DRH_Curve

Message boards : Rosetta@home Science : DRH_Curve

To post messages, you must log in.

AuthorMessage
Profile Timo
Avatar

Send message
Joined: 9 Jan 12
Posts: 178
Credit: 32,579,132
RAC: 27,756
Message 89364 - Posted: 1 Aug 2018, 13:02:53 UTC

Hi Rosetta researchers,

I was curious about what the DRH_Curve jobs are modeling? There seems to be an endless stream of them for the past month or two.

Do these jobs all belong to one person? Are they all looking at a particular protein / family of proteins, or a particular type of situation or..? Just curious.
**38 cores crunching for R@H on behalf of cancercomputer.org - a non-profit supporting High Performance Computing in Cancer Research
ID: 89364 · Rating: 0 · rate: Rate + / Rate - Report as offensive    Reply Quote
Jim1348

Send message
Joined: 19 Jan 06
Posts: 294
Credit: 8,400,678
RAC: 9,110
Message 89365 - Posted: 1 Aug 2018, 13:12:03 UTC - in response to Message 89364.  

Do these jobs all belong to one person? Are they all looking at a particular protein / family of proteins, or a particular type of situation or..? Just curious.

We seem to get very little information about what we are doing. Folding, for example, gives a description of each type of work unit. I would hope that they answer your question.
ID: 89365 · Rating: 0 · rate: Rate + / Rate - Report as offensive    Reply Quote
Profile [VENETO] boboviz

Send message
Joined: 1 Dec 05
Posts: 892
Credit: 3,344,203
RAC: 3,459
Message 89367 - Posted: 2 Aug 2018, 10:05:35 UTC - in response to Message 89365.  

I would hope that they answer your question.


+1
ID: 89367 · Rating: 0 · rate: Rate + / Rate - Report as offensive    Reply Quote
Profile [VENETO] boboviz

Send message
Joined: 1 Dec 05
Posts: 892
Credit: 3,344,203
RAC: 3,459
Message 89379 - Posted: 6 Aug 2018, 6:29:00 UTC - in response to Message 89364.  

I was curious about what the DRH_Curve jobs are modeling? There seems to be an endless stream of them for the past month or two.


Are months that, on android devices, we are crunching "cispro_backbone_".
What is it?
ID: 89379 · Rating: 0 · rate: Rate + / Rate - Report as offensive    Reply Quote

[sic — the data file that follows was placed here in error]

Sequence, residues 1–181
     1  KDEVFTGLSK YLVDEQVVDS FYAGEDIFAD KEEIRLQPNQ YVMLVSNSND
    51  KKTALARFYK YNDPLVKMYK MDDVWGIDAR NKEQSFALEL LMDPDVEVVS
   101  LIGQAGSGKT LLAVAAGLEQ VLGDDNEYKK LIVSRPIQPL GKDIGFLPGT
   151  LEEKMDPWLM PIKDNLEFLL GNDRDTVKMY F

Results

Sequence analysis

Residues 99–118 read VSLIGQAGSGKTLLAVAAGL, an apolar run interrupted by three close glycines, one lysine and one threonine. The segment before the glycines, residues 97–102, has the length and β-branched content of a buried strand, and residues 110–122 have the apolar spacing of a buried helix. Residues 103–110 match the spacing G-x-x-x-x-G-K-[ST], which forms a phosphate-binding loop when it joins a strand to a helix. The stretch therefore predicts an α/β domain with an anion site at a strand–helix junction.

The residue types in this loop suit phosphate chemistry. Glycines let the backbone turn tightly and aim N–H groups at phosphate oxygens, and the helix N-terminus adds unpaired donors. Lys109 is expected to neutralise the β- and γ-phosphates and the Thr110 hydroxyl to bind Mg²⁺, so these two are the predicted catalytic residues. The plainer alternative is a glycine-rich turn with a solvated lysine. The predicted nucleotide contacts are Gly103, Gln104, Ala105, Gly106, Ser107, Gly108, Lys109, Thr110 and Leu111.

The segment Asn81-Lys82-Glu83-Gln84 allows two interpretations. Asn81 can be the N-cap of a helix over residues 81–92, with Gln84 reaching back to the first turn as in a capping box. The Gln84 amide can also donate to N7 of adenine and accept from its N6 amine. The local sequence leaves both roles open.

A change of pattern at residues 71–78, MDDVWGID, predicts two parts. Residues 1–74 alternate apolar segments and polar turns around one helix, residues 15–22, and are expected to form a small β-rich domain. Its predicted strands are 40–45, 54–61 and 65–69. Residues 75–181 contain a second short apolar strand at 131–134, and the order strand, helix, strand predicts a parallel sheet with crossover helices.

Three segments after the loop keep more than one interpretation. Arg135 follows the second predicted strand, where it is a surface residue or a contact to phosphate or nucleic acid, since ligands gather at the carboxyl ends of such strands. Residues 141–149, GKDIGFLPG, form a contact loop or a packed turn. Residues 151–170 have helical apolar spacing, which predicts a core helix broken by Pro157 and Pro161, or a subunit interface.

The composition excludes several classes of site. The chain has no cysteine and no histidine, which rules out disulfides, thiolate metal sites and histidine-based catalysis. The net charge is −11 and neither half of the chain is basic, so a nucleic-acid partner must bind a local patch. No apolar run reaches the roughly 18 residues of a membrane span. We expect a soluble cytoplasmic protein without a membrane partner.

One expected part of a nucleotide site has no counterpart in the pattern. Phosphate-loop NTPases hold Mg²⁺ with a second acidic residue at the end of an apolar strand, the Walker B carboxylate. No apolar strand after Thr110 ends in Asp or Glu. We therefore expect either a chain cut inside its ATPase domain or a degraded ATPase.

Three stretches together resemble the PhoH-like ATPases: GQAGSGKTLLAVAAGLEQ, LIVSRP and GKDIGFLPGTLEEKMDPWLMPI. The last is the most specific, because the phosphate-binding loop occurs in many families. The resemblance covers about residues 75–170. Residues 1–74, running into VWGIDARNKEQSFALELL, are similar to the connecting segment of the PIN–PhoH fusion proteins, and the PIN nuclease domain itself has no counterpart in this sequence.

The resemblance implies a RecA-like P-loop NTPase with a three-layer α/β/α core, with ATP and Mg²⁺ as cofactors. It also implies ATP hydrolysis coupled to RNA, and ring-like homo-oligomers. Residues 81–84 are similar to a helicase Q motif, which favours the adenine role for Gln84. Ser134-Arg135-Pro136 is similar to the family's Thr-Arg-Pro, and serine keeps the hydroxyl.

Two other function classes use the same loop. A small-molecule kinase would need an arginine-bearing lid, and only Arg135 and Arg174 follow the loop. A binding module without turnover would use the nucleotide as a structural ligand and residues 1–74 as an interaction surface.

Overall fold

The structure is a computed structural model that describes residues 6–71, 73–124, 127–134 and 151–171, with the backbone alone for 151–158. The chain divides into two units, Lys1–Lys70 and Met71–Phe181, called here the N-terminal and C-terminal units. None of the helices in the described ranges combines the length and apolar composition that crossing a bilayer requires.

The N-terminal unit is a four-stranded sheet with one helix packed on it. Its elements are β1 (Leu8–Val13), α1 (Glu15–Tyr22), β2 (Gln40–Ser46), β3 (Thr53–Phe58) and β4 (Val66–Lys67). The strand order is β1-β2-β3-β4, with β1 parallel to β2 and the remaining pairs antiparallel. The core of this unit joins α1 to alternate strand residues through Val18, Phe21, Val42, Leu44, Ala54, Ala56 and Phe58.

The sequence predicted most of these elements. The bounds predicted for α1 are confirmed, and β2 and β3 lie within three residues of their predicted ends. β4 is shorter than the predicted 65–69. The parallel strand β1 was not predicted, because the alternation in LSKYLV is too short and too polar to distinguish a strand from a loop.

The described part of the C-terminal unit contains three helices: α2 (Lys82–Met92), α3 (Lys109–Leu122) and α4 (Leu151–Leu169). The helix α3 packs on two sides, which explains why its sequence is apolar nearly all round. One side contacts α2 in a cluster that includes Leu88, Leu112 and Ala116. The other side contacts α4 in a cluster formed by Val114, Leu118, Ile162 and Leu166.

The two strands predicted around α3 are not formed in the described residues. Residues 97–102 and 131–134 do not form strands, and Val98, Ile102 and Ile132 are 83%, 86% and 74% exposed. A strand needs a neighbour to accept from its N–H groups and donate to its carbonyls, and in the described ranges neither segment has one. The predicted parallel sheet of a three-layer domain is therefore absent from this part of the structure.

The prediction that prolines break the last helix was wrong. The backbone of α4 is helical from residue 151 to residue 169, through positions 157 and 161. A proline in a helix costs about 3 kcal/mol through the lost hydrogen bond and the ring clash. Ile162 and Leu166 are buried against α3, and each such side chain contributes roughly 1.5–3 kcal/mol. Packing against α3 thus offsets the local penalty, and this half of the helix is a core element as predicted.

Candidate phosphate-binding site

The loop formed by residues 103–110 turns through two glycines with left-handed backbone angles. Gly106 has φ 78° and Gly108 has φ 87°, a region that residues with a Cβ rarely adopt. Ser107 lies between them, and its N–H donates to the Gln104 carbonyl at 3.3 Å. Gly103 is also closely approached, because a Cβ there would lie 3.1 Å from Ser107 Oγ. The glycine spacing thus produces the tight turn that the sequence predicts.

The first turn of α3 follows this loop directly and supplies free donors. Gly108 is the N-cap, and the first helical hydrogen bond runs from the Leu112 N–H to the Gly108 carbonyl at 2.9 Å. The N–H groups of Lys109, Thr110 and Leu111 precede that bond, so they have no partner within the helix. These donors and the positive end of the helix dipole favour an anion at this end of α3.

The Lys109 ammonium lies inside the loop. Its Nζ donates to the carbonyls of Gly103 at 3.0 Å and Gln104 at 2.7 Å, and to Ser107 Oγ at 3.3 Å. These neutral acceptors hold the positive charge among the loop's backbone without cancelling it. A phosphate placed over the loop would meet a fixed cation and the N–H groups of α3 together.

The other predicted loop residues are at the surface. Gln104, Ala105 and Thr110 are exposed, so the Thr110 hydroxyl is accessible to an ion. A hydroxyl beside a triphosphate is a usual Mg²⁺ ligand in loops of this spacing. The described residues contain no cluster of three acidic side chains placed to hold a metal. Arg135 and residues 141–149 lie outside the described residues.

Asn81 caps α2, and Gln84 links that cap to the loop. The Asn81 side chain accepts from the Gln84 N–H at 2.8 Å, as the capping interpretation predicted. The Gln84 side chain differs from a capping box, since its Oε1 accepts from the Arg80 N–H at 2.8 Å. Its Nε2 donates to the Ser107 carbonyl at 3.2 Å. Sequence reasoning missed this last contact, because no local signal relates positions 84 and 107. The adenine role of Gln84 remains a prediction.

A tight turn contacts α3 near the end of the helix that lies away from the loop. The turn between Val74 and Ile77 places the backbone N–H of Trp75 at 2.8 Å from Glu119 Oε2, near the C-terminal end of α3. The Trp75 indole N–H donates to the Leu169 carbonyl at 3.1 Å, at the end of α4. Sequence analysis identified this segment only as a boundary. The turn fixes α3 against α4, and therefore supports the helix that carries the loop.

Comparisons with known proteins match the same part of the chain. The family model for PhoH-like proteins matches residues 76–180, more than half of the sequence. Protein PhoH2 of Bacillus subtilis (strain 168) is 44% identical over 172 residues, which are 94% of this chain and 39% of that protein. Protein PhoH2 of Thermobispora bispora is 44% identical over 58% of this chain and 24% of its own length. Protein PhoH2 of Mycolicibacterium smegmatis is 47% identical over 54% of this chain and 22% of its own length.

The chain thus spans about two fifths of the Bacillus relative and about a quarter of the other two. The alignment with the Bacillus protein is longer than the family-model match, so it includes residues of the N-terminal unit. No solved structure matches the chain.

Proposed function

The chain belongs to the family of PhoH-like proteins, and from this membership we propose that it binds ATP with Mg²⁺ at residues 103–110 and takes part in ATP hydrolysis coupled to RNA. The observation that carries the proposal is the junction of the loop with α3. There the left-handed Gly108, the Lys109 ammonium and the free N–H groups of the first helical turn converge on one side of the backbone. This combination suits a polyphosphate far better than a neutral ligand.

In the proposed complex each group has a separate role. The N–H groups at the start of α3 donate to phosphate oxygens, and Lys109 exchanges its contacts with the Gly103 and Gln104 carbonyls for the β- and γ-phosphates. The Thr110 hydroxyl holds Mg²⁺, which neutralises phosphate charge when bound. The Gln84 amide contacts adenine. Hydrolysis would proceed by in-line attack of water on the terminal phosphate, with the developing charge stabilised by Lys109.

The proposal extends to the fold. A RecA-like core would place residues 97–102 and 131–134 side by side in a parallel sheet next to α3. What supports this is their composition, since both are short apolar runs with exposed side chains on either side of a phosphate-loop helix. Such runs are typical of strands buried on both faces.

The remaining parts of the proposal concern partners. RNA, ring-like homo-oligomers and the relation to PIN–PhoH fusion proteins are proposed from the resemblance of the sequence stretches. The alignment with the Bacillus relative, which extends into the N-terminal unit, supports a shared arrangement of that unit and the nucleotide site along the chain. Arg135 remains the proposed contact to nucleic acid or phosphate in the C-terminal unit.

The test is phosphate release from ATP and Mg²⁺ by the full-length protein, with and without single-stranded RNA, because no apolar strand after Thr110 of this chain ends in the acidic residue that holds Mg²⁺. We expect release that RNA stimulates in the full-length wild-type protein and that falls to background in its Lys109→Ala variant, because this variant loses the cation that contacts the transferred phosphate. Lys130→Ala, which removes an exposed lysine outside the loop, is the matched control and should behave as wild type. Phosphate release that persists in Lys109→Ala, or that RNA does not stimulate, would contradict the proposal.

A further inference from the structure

Profile [VENETO] boboviz

Send message
Joined: 1 Dec 05
Posts: 892
Credit: 3,344,203
RAC: 3,459
Message 89415 - Posted: 17 Aug 2018, 14:59:35 UTC

And, as usual, no answer....
ID: 89415 · Rating: 0 · rate: Rate + / Rate - Report as offensive    Reply Quote
Jacob O'Connor

Send message
Joined: 26 Sep 17
Posts: 1
Credit: 0
RAC: 0
Message 89560 - Posted: 15 Sep 2018, 18:43:30 UTC

Hello everyone,

My name is Jacob O'Connor and I'm one of the graduate students in the Baker lab. I don't know about the DRH_Curve but all of the cispro labeled job runs are likely mine. I'm not sure how much everyone here knows about the details of proteins so please forgive me if I re-explain something you already know.

Every protein is made up of amino acid building blocks linked into a chain. These building blocks consist of three major components. A 'N-terminus', the 'R-group' or side-chain, and a 'C-terminus'. To link these building blocks together a chemical bond is created between the N-terminus and the C-terminus of adjacent amino acids, replacing both with a peptide bond. This peptide bond has partial double bond character due to resonance stabilization, which effectively means it will always have an angle of near 180 or 0 degrees (lying flat). These two conformations are referred to as either 'cis' or 'trans' peptide bonds. In most cases the 'trans' conformation is much more favored because in the 'cis' conformation the side chains of adjacent amino acids bump into each other while in the 'trans' conformation they do not. That means when we model proteins we can effectively ignore cis peptide bonds and treat them all as trans, which is useful as it means we have one less degree of freedom we need to optimize when making a model.

However there is one notable case where this is not true. The amino acid proline has a ring structure that results in its side chain bumping into its neighbors regardless of if its in the 'cis' or 'trans' state. So while the trans state is still favored its much less so for proline than for any other amino acid. As such the majority of times when cis bonds due occur in natural proteins its at a proline position - hence 'cispro'

http://www.cryst.bbk.ac.uk/PPS95/course/3_geometry/peptide2.html

So why am I making so many jobs that have cis-pro? Three reasons. Firstly I work with a group of researchers in the lab who are really interested in studying very small proteins called peptide macrocycles. Because these peptides are so small (only 6-14 amino acids usually) and they are under chemical constraints the normal rules of protein structure don't apply quite the same way. We rely heavily on prolines to give our designs structure and so its important for us to model these prolines in both the cis and trans state to make sure the state we want is the lowest energy structure.